Now you’ve learned how to check your iPhone’s battery cycles. Hopefully that wasn’t too hard, though admittedly this is not the most user friendly approach out there.

Once you’ve copy pasted the text within a note, your iPhone might start to slow down a little because of all that text, but please be patient and you’ll find things catch up and get back to normal after a moment or two.

* Note that if you do not see the log data, it may be because you have the iPhone data analytics feature turned off in the settings.

According to Apple, iPhone batteries are designed to retain up to 80% of its original capacity at 500 battery cycles. This is its peak performance capability. However, this is just a rough number, because it heavily depends on your charging habits. As you can see here, my iPhone X has been through a lot with over 1100 battery cycles in the past two and a half years. However, my battery health is still at 79% which is really impressive for the cycle count.

Before you compare your battery cycle count with your battery health, you might want to learn how you can check the battery health percent of your iPhone. Apple recommends you to replace the battery when it drops below 80%. If you’re using the same iPhone for 2 years or less, it’s likely that your battery would stay above 80% health unless you have bad charging habits. If you have a low battery cycle count and a low battery health percent, you may need to adjust how you use the devices battery.

We hope you found your iPhone’s battery cycle count, as it can be useful to know for troubleshooting battery issues. What numbers did you get and how does it compare to the battery health percent? Do you replace iPhone batteries or do you just tend to get a new iPhone every few years? And do you know of a better or easier method to getting battery cycle count on iPhone? Let us know your experience in the comments section down below.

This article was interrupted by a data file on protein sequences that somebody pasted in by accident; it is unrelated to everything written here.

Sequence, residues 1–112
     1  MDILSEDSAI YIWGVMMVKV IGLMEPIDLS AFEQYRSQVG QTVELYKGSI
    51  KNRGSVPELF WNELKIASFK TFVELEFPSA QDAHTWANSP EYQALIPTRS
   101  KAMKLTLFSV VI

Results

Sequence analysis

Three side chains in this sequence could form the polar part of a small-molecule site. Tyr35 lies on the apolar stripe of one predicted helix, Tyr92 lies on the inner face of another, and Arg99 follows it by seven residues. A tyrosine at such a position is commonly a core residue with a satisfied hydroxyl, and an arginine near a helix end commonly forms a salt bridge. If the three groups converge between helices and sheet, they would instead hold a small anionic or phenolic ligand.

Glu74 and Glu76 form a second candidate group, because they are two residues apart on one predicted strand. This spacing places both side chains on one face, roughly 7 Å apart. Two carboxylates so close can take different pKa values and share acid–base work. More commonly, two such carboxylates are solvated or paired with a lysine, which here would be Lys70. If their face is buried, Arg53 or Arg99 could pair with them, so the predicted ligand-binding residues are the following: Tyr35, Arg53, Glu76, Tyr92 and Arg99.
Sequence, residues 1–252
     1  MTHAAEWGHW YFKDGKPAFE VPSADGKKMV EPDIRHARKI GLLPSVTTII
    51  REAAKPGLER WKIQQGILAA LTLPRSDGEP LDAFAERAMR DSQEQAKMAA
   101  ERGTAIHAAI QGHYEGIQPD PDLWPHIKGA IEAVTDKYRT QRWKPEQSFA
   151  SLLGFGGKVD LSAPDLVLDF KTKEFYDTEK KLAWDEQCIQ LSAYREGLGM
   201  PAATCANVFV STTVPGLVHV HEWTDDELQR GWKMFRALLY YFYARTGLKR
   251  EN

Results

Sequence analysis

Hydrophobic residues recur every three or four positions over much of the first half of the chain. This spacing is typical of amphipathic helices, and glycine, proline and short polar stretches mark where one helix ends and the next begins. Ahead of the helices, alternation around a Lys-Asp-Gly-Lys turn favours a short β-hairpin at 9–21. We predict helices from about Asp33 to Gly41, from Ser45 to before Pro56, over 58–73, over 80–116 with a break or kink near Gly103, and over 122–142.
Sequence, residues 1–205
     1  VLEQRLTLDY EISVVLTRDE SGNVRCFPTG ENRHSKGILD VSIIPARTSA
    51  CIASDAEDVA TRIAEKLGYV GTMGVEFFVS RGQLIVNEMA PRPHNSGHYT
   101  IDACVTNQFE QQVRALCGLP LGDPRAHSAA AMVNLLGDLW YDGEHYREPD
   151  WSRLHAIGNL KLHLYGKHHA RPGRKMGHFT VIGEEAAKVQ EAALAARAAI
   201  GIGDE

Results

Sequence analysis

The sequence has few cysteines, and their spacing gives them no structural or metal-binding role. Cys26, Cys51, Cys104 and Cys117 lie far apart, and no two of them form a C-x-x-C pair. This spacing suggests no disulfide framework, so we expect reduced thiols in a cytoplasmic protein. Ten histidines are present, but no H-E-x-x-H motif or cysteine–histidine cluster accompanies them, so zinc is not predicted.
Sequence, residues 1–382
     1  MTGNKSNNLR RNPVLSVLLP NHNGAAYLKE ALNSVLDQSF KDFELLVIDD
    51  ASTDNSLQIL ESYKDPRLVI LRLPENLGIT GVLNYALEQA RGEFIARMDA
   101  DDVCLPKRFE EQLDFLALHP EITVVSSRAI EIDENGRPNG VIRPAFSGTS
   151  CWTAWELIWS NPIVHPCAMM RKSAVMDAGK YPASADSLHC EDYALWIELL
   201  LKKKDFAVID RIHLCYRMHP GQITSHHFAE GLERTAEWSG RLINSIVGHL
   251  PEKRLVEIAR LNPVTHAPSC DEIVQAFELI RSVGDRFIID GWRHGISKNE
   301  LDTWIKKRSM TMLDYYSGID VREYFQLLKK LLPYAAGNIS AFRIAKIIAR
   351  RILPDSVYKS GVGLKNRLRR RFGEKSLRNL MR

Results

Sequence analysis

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Posted by: Hamlin Rozario in iPad, iPhone, Tips & Tricks

12 Comments

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  1. Hrz says:

    I don’t have this file “log-aggregated”.
    ?

  2. OLIVER WARDERS says:

    Incredibly useful to determine age.

  3. Madaras Szilard says:

    I don’t have a log-aggregated file.

  4. DW says:

    Is there a way to check the battery on an iPad?

    • Blao says:

      Yes this should work the same on iPad. Or use a computer with Coconut battery as others have recommended, I think that is easier and it works with iPad and iPhone.

  5. Fadi says:

    don’t have this file log-aggregated !

  6. Ian says:

    Coconut Battery app is not free anymore – AUD4.49.

  7. William Alan Thomas Clark says:

    There are no log-aggregate files listed under Analytics Data on my iPhone 7. Why?

  8. Hal says:

    Great tip…
    I also use the free Mac app Coconut Battery, which checks you mac laptop battery, and if an iOS device plugged in will tell you those details… including cycle count, design capacity and current capacity.
    Also saves the info in a running sheet.

  9. Cheng says:

    What about capacity remain?